TL;DW: Dark is a wordlength reducer that gives your music a blacker backdrop.
Some weeks are MY kind of fun…
This won’t make big changes in your audio. In fact if you think you can reliably hear this on its HD setting, I think you’re mistaken. And yet, this might be the funnest thing I’ve done all year.
Why? Because I’m back to the dithers again. I figured out a way (or two) to go EVEN FARTHER in the direction I’d chosen. And it worked: it worked super well, and you can have it. Introducing Airwindows Dark.
How does it work? It’s very simple, really. Much like Not Just Another Dither (NJAD, my previous best) it analyzes the results of the audio, depending on whether the dither rounds up or down. With correct TPDF dither, it’s a factor of randomness, a noise that breaks up patterns in the output. With NJAD, it runs a Benford Realness calculation and uses that (for a more natural-sounding audio output). But Dark?
It simply works out the average trajectory of where the audio’s going. It’s following the lower frequencies, suppressing the highs. And then it makes its choice based solely on whatever is going to further this trajectory… and keep the output as smooth as possible. It is ‘dithering’ with intent, doing whatever it has to in order to get a darker, softer output. All done by truncation alone.
The result is delightful, if you are into analog sonics and the absence of bright digital artifacts and hisses. It is NOT obvious, unless 16 bit artifacts are already obvious to you, and at HD (24 bit) it is purely a matter of thoroughness and making correct choices and you shouldn’t be hearing a difference. You damn sure won’t be able to blind test a difference (that requires much more obvious stuff happening).
But, but, but! If your experience with audio (and probably loud listening levels, and REALLY good monitoring, and amazing source files) involves sinking into a lush bed of analog-rich sonics, where you quickly notice subtle shifts in sonic attitude and then take much longer to get used to them and form your judgements… there’s nothing at all like this.
It can only wordlength reduce, so especially at 24 bit it shouldn’t be able to ever hurt bright sounds that are supposed to be there. It’s only dithering (in a novel way). But it’s doing its thing in a way that’s completely outside of anything you can do with filtering or normal processing. If you need depth and space, if you need rich black silence behind your mix, this beats NJAD… soundly.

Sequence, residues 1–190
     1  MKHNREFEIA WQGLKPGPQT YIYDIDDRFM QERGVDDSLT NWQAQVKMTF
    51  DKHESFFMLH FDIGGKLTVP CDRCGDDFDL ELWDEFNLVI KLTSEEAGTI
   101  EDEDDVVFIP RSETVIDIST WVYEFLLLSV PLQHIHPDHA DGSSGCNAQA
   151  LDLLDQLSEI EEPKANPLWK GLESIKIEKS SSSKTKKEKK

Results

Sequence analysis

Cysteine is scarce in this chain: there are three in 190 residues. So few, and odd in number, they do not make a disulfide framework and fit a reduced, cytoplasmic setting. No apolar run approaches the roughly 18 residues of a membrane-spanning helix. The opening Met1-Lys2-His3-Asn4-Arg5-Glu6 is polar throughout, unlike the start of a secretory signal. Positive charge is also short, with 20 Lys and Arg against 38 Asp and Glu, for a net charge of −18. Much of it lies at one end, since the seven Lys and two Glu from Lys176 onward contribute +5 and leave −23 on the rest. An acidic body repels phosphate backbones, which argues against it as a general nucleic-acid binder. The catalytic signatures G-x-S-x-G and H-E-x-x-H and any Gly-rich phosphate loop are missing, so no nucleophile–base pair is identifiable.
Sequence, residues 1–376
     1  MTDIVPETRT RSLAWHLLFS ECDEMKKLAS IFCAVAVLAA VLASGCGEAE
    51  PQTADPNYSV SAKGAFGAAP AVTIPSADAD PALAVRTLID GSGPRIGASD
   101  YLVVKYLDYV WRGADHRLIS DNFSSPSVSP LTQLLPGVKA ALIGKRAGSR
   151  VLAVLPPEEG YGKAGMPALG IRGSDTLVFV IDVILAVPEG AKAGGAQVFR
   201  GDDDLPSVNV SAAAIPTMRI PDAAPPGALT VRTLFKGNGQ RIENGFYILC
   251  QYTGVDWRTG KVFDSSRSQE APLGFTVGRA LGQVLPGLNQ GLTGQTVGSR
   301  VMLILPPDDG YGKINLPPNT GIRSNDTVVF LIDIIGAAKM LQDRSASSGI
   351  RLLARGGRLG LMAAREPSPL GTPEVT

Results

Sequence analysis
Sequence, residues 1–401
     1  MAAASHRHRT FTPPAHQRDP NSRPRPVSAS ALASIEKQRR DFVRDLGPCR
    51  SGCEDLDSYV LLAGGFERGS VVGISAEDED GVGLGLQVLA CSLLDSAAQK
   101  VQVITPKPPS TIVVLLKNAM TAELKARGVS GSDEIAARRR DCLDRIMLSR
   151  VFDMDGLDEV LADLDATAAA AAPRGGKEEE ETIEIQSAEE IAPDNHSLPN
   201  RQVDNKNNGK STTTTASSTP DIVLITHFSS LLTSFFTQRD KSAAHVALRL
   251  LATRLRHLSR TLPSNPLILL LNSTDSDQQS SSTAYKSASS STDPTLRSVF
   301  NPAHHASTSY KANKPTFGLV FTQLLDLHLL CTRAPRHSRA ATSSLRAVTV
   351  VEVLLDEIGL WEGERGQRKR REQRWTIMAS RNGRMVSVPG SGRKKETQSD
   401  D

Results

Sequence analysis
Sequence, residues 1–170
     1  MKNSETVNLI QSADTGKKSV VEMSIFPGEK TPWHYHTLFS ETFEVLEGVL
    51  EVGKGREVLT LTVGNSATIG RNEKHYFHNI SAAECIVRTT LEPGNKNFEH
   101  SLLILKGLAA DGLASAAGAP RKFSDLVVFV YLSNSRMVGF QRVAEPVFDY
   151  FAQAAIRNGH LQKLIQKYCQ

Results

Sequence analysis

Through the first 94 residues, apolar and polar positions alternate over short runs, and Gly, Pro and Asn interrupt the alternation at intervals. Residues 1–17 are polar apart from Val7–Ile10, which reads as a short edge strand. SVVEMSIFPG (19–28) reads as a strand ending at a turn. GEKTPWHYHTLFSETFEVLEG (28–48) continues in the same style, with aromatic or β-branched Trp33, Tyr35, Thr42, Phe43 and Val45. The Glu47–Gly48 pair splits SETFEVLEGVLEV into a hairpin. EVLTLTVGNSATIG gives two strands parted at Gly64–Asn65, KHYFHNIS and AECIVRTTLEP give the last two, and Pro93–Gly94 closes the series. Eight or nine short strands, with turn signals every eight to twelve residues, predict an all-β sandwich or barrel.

I hope you like it. The demonstration at 8 bit wordlength in the video ought to show you what to expect. Dark is yours to use (in fact, you can have the source code under the MIT license!). For now, if you are using Monitoring you’ll need to switch it off to use Dark, as Monitoring defaults to a 24 bit wordlength reduction using NJAD and I’m not prepared to simply update it and have it default to Dark for all things.
Though I’m tempted. ;)
This work is supported by Patreon. Which is going quite nicely, so I’m preparing for another phase: if I break $2000 a month, anything beyond that goes to buying DIY synth hardware (perfboard, CMOS chips, etc) which I will then resell at cost… MY cost. So I’ll be making chips available at 39 or 20 cents each and putting together kits to get people started, and each month I’ll send out stuff for people to play with, until I’ve reached the budget for that month. I may or may not charge shipping: haven’t decided. So if you think it would be good to start your own maker business and could use a cheap source of parts, the better I do the more likely you’ll be able to get your hands on electronics parts (and I will say where I’m getting stuff, if you need to order your own at normal prices: but I’ll be selling stuff at MY cost, no mark-up). I will also be writing up DIY guides and instructions, and doing videos and instagram posts about all this. That’s a new goal, because if I do better for myself I intend to spread it around in significant ways :)